President Barack Obama used his bully pulpit in Dallas today to reflect on race and to warn that racism continues to persist in America. He came to speak at the interfaith memorial to the five officers who were murdered last week by a black racist who had sought to kill white police officers. Obama said that "none of us is entirely innocent" or immune to racism, "including our police departments." 
 
Obama started his peroration with paraphrases from the Holy Bible. "Scripture tells us that in our sufferings there is glory," he said at the beginning of his remarks at the memorial service for the five police officers who lost their lives. "Because we know that suffering produces perseverance, and perseverance [produces] character, and character, hope."
 
Obama, who has been criticized by Republicans and law-enforcement officials for expressing support for the Black Lives Matter movement, said Americans “cannot simply turn away and dismiss those in peaceful protest as troublemakers or paranoid.”
 
 
“We can’t simply dismiss it as a symptom of political correctness or reverse racism,” he said.
 
Obama said the murderer, Army veteran and reservist Micah X. Johnson, was responsible for “an act not just of demented violence, but of racial hatred.” The president said, “It’s as if the deepest fault lines of our democracy have been exposed, perhaps even widened...We wonder if the divides of race in America can ever be bridged.”
 
Despite statistics offered by the FBI and the New York Police Department on the disparity of the incidence of violent crime that exists between black and white communities, the president told mourners in a 40-minute speech that "white people and people of color experience the criminal justice system differently." He claimed that black Americans are more likely to serve time in prison and to get death sentences than whites.
 
Obama said that America is facing a serious problem in that parents of black children are worried that something terrible might befall them upon walking out the door. "When all this takes place more than 50 years after the passage of the Civil Rights Act, we can't simply dismiss those in peaceful protest as troublemakers or paranoid," he said. "We can't simply dismiss it as a symptom of political correctness or reverse racism."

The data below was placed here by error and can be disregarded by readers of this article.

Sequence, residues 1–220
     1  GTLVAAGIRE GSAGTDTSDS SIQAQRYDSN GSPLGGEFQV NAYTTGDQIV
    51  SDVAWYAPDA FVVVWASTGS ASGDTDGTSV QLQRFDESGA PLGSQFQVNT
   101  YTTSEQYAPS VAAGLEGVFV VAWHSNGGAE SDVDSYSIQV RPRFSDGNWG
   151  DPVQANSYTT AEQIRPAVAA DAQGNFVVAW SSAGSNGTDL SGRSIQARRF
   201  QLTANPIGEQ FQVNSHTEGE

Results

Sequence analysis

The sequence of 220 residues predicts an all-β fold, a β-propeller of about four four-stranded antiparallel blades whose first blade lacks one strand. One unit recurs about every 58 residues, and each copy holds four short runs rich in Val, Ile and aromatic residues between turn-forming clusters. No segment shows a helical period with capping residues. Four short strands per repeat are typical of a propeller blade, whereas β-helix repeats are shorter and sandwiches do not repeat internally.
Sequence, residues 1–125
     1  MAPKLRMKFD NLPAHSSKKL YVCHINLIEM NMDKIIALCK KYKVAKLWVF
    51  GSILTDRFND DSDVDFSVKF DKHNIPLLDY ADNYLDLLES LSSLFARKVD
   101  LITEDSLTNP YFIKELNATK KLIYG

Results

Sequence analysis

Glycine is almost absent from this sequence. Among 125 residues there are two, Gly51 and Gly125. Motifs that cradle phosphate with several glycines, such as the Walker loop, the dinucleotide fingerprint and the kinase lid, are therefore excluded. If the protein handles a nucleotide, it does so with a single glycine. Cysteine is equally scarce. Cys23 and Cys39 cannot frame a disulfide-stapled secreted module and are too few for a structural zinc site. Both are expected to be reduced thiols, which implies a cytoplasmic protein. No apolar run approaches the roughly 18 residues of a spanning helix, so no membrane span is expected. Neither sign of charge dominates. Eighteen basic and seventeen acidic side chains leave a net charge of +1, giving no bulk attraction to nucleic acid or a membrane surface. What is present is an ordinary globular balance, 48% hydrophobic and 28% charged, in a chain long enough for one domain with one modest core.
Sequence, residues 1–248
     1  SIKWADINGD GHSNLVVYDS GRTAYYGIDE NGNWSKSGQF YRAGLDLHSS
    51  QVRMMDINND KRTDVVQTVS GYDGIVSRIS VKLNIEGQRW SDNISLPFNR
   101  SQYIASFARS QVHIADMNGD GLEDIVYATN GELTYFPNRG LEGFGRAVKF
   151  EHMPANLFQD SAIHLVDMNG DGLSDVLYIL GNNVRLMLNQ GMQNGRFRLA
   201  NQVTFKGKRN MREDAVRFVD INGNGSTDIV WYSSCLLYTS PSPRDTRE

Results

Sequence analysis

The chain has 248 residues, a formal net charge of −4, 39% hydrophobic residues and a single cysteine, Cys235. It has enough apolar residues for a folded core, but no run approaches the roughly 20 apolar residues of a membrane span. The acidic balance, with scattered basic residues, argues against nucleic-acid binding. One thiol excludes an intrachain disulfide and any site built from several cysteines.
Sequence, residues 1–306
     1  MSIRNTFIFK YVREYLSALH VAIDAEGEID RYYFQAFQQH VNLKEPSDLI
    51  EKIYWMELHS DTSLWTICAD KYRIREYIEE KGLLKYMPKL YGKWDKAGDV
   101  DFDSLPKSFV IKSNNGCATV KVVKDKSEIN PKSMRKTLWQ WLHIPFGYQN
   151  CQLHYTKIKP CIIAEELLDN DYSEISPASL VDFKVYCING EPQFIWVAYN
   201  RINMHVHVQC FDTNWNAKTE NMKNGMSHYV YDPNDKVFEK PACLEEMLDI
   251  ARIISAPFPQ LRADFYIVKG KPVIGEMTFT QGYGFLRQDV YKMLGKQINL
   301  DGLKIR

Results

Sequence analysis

Projecting his sentiments on black Americans, Obama said "To have your experience denied like that or dismissed by people in authority… again and again and again, it hurts." He added, "Surely, we can see that – all of us."
 
The president did speak sternly in defense of police, while saying that their critics frequently do not recognize the dangers police face on duty throughout the country. He quoted Dallas Police Chief David Brown, who said that it is too often as citizens, "we ask the police to do too much, and we ask too little of ourselves." Police attending the speech gave him a standing ovation for that line.
 
Obama sought to cast the blame for problems police face on what he said is a lack of adequate funding for "decent schools," drug rehabilitation, and mental health programs. Predictably, Obama argued that further gun control must be enacted. He said that “As a society, we choose to under-invest in decent schools,” Obama said. “We allow poverty to fester so that entire neighborhoods offer no prospect for gainful employment. We flood communities with so many guns that it is easier for a teenager to buy a Glock than it is to get his hands on a computer or even a book.”
 
The president said,  “And then we tell the police, ‘You’re the social worker, you’re the parent, you’re the teacher, you’re the drug counselor.’ We tell them to keep those neighborhoods in check at all costs, and do so without causing any political blowback or inconvenience. Don’t make a mistake that might disturb our own peace of mind. And then we feign surprise when periodically when the tensions boil over.”
 
"We know these things are true," he said. "They've been true for a long time. We know it – police, you know it. Protesters know it – you know [about] some of the angers of these communities where police serve… and you pretend there is no context."
 
"If we can't talk honestly and openly, then we will never break this dangerous cycle," he said, lamenting that he has witnessed too many mass shootings during his time in office.
 
Obama's remarks came after considerable agitation and protests by Black Lives Matter activists that came after the police shootings of two black men: one in Louisiana, and another in Minnesota.
 
The president, who has been criticized by law-enforcement officials for supporting the Black Lives Matter movement, said Americans “cannot simply turn away and dismiss those in peaceful protest as troublemakers or paranoid.”
Former President George W. Bush expressed the nation’s pride for the murdered officers. “Our police chief and police department have been mighty inspirations for the rest of the nation,” Bush said. “These slain officers were the best among us.” Bush resides in the Dallas area.
 
As for calming frayed nerves and raw emotions, Bush said Americans must work at “finding our better selves.”
 
“We recognize that we are brothers and sisters, sharing the same brief moment on earth,” Bush said. “We do not want the unity of grief, nor do we want the unity of fear. We want the unity of hope, affection and high purpose.”

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Spero News writer Martin Barillas is a former US diplomat, who also worked as a democracy advocate and election observer in Latin America. His first novel 'Shaken Earth', is available at Amazon.

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